Daily Ireland

Loyalist leaders hit out at right-wing website

Loyalist leaders have slammed an extreme right-wing race-hate website that targets anti-racist campaigners in the North of Ireland.
The website, which has strong links with Combat 18 and the White Nationalist Party, recently posted pictures of several prominent loyalist representatives, including senior South Belfast UDA man Jackie McDonald, who took part in an anti-racism demonstration in Belfast last year.
The website includes pictures of trade unionists, anti-racism activists and members of the clergy, and asks visitors to the site to identify those featured.
In recent weeks, a picture featuring Chairman of the Loyalist Commission, Reverend Mervyn Gibson, South Belfast assembly member Michael McGimpsey, Shankill-based UPRG man and Belfast City Councillor Frank McCoubrey, Newtownards councillor and UPRG man Tommy Kirkham, and South Belfast UDA leader Jackie McDonald standing beside a Workers’ Party banner was posted on the site.
The English-based website lists the pictures and personal details of dozens of anti-racism activists across Ireland and Britain. The site is linked to several “white power” groups with sympathies to loyalists in the North.
Traditional areas of support for such groups include North Antrim and Derry, Portadown and parts of Belfast including the Village where ethnic groups were targeted in a systematic campaign of intimidation and violence last year.
In a major slight to the loyalist representatives who attended the anti-racism demonstration, a message on the hate-filled website reads: “Notice there are no union flags on this parade. Plenty of red ones though. How can so-called loyalists mix with these fenian scumbags and still call themselves British? They are a disgrace to this country and should hang their heads in shame”.
Shankill UPRG man Frank McCoubrey reacted angrily to the contents of the website last night.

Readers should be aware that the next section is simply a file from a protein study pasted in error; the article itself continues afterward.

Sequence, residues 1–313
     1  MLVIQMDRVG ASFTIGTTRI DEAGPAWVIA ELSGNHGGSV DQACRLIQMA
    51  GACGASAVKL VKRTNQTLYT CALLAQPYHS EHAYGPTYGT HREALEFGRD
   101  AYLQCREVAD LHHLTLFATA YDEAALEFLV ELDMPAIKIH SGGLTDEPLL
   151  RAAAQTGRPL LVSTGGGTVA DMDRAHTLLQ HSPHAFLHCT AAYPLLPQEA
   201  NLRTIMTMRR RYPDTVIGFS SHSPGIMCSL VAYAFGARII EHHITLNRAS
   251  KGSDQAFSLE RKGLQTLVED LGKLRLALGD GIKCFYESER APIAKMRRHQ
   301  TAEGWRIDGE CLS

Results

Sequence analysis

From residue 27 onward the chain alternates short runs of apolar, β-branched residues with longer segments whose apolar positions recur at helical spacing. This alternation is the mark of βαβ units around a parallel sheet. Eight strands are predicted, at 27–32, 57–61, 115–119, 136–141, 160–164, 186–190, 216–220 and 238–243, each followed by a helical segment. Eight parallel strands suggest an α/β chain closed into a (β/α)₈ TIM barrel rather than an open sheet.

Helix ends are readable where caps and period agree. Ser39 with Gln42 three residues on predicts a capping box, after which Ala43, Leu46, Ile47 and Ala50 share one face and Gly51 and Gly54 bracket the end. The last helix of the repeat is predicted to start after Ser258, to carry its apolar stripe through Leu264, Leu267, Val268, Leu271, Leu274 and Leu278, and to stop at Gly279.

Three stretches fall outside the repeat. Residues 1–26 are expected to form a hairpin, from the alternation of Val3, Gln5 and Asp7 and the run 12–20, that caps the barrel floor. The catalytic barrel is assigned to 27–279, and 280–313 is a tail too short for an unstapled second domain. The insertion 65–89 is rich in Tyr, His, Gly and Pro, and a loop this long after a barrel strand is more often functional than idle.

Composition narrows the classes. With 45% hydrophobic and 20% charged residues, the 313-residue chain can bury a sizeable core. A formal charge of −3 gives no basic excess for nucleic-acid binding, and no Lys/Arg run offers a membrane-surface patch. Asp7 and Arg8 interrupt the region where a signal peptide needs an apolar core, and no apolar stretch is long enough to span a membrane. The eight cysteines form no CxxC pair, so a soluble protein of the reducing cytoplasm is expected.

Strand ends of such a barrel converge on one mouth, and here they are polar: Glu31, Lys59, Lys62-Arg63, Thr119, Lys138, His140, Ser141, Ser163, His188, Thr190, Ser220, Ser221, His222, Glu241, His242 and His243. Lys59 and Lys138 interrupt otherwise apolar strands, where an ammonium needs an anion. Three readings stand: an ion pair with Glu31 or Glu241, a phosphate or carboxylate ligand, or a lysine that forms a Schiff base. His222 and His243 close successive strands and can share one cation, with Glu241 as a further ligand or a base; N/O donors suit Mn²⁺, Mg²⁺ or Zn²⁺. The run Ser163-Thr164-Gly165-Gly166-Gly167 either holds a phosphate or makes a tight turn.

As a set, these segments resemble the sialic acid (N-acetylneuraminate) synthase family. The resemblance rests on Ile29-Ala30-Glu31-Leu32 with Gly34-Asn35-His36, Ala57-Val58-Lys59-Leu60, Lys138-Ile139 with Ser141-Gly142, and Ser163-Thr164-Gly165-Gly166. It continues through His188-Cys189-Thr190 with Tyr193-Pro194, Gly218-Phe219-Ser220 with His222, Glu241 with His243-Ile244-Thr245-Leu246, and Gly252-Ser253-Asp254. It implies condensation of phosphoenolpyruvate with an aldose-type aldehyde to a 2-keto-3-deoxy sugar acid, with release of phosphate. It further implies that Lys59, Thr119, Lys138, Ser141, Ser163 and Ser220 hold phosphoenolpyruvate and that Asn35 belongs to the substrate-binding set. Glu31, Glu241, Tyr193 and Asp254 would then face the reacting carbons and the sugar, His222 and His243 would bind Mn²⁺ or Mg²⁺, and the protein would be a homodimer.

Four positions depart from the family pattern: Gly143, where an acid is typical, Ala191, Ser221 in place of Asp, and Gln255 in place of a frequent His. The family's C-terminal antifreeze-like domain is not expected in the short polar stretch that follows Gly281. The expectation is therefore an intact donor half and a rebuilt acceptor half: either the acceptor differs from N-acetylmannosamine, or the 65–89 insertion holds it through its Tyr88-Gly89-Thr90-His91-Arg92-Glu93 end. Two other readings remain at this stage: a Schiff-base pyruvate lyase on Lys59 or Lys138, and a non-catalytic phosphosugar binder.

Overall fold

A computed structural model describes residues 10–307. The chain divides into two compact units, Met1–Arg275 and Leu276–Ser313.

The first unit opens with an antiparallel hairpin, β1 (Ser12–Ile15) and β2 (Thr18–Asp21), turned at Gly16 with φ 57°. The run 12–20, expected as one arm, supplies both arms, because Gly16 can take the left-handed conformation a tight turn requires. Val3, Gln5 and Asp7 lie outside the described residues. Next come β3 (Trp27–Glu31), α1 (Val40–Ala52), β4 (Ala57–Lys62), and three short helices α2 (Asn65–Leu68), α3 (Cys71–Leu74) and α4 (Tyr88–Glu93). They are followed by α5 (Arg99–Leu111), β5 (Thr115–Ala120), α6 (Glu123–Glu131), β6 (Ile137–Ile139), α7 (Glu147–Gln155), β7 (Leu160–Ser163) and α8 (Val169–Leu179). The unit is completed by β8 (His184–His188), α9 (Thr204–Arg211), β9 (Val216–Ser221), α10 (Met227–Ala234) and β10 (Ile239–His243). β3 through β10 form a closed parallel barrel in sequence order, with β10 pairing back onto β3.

“We attended City Hall to express our outrage at what had happened in terms of racist attacks,” said Mr McCoubrey. “This has been put on by some half-wit sitting in a house in England somewhere. It shows how far in the past these people are. We want an environment where not just Catholics and Protestants can move on but people from ethnic groups can as well. This sort of thing only makes it difficult for people trying to move forward.
“Where were these people during the Troubles when there was 30 years of war going on? Not many of them came to the Shankill Road to help defend it. I am someone who has lived in West Belfast and I don’t take these people under my notice. They are no threat to me and should be treated with contempt. If they want to open a debate about this issue they can come and do so.”
The placing of the picture on the right-wing website comes just weeks before loyalists prepare to launch a new initiative to combat the influence of right-wing race hate groups in their ranks.
Chairman of the powerful Loyalist Commission Rev Mervyn Gibson said he had no concerns about his image being placed on the website.
“It doesn’t particularly worry me,” he said. “I am happy to stand by anybody who is anti-racist. I have no time for racism in Northern Ireland. There is racism within republicanism, loyalism and the churches. We are happy to address the issue and hope that others do the same.”

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